Since it was announced that Bank of England banknotes would soon only feature famous men, a campaign has been gathering steam. Which woman should be next?
Somewhere on Threadneedle Street, a woman's face appears drawn on to a banknote.
The face is not that of social reformer Elizabeth Fry, whose glowering visage has graced the Bank of England's £5 note for more than a decade.
And she could hardly be confused with Sir Winston Churchill - the man named as Fry's successor. Although the bank confirms her existence, it will not share her name.
The woman has been chosen as a "contingency candidate", ready to move into production at a moment's notice should the Churchillian note be compromised by a spike in counterfeiting, or some other peril.
Her selection as a mere back-up has done little to assuage the concerns of those angry at the Churchill decision. It is not that they disagree with Churchill but that they are shocked that, apart from the Queen, soon no famous woman will be on a Bank of England note.
Now campaigners want to find out what goes on in the bank's selection process. A group of 46 MPs have written to the bank to ask them to reconsider their decision to get rid of Fry and not replace her with another woman.
Caroline Criado-Perez, co-founder of The Women's Room, a group fighting to end the opaque selection procedure, thinks that the bank's secrecy may even be illegal.
The Equality Act requires all public institutions to try and eliminate discrimination. But without explaining how Churchill won the contest, she says, we can't know if the bank has acted within the law.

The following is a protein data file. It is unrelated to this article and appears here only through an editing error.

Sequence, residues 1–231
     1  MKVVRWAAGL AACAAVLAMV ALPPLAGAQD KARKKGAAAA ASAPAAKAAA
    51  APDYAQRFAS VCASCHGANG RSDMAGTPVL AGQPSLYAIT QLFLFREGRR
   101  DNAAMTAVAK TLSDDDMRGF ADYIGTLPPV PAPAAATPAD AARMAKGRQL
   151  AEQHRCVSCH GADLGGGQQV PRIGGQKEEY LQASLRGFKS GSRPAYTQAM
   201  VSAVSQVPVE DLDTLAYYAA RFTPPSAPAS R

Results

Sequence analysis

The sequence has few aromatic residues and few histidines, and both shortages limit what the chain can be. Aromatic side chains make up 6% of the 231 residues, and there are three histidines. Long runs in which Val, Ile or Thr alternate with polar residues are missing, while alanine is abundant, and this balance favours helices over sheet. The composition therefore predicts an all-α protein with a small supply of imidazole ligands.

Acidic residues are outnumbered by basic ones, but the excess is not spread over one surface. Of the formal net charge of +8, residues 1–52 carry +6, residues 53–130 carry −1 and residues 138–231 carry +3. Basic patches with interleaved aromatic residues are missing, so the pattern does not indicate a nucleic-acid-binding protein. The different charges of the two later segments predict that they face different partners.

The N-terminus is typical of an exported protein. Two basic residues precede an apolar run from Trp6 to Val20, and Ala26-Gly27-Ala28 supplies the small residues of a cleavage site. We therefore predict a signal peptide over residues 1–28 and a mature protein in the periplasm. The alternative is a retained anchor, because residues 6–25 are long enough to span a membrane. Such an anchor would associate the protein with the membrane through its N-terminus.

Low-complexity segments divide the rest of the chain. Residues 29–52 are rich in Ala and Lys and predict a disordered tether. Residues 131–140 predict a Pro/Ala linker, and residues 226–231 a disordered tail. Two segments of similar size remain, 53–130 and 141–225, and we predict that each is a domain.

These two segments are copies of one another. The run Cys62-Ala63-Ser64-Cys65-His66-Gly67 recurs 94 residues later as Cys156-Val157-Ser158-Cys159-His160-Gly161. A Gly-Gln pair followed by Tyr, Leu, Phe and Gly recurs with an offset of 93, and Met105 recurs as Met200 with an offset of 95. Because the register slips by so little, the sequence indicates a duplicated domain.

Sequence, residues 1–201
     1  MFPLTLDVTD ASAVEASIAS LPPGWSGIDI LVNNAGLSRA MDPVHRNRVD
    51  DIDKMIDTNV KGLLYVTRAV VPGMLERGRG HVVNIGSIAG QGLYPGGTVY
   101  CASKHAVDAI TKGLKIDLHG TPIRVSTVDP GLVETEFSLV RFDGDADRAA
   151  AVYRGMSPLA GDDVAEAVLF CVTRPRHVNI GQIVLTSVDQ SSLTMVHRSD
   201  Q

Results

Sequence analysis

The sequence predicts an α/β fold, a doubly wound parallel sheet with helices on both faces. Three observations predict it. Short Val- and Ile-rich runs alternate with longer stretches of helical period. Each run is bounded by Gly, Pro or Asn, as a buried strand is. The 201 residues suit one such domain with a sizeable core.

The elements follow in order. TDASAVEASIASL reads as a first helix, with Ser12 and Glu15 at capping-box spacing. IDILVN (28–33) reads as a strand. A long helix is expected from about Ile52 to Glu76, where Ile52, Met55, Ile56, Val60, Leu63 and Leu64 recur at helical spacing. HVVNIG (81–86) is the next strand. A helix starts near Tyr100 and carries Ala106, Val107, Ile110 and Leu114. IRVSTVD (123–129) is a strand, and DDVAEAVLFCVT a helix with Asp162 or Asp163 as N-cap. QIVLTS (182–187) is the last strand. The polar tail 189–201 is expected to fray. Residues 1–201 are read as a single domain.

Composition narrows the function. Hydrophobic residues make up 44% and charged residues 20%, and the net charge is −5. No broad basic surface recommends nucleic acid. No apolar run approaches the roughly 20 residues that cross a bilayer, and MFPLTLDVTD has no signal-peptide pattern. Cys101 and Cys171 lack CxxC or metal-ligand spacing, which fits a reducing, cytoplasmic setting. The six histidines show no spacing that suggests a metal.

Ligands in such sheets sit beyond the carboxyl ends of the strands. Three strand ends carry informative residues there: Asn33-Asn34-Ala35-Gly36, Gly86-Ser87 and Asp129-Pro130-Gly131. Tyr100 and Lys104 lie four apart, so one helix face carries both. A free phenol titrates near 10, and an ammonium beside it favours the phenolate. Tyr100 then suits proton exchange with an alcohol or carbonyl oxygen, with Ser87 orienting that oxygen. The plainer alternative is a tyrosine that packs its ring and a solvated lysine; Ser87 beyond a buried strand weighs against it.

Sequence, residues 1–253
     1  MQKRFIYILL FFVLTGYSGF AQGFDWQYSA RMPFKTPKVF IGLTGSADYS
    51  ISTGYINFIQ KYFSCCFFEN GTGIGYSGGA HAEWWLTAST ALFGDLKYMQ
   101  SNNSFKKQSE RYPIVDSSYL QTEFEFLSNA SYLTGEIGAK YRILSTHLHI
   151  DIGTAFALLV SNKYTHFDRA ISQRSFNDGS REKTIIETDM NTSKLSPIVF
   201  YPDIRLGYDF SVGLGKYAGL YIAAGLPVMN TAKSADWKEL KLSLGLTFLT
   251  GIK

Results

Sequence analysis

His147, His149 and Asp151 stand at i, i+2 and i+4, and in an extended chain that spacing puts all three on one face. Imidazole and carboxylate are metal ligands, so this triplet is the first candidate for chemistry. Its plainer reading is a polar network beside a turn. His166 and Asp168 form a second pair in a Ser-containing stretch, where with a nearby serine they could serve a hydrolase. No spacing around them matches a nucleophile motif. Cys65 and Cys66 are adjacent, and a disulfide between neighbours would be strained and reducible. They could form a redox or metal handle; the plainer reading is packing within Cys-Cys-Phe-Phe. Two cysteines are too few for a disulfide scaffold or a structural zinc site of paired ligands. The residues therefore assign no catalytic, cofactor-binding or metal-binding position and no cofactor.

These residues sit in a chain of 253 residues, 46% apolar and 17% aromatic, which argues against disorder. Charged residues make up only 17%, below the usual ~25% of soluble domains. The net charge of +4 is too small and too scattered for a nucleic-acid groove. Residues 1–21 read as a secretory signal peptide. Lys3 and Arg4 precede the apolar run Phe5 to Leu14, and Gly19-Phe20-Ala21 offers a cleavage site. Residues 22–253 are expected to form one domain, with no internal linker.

"At the moment it's hard to argue that the process isn't discriminatory," she says.
The bank says its requirements are quite clear, though, and that candidates must meet four key criteria to be eligible for selection.
They must have made a lasting contribution to society, have a widely recognised name, not be controversial, and there must be good artwork on which a design can be based.
Judging by former cases, however, the rules have not always been applied consistently.
Fry herself was not widely known prior to her selection, and knowledge of Sir John Houblon - the former Bank of England governor currently on the reverse of £50 notes - was arguably mainly restricted to hardcore pub quizzers and bank employees.
The historian Judith Flanders points out that good artwork was not available for all those who have made the cut. "We have no idea what William Shakespeare looked like," she says.
Indeed, the playwright that featured on the £20 note through the 70s and 80s bears little resemblance to Martin Droeshout's famous copper engraving that we most readily associate with the Bard.
Flanders thinks the long list of men offered a place on Britain's banknotes reflects a form of prejudice.
"It's about white upper class men from limited backgrounds having a limited number of heroes. What is this except a public school boy's list?"
She suggests a long list of women who could be feature on the note - suffragette Emily Davison, National Trust founder Octavia Hill and novelist George Eliot to name just a few.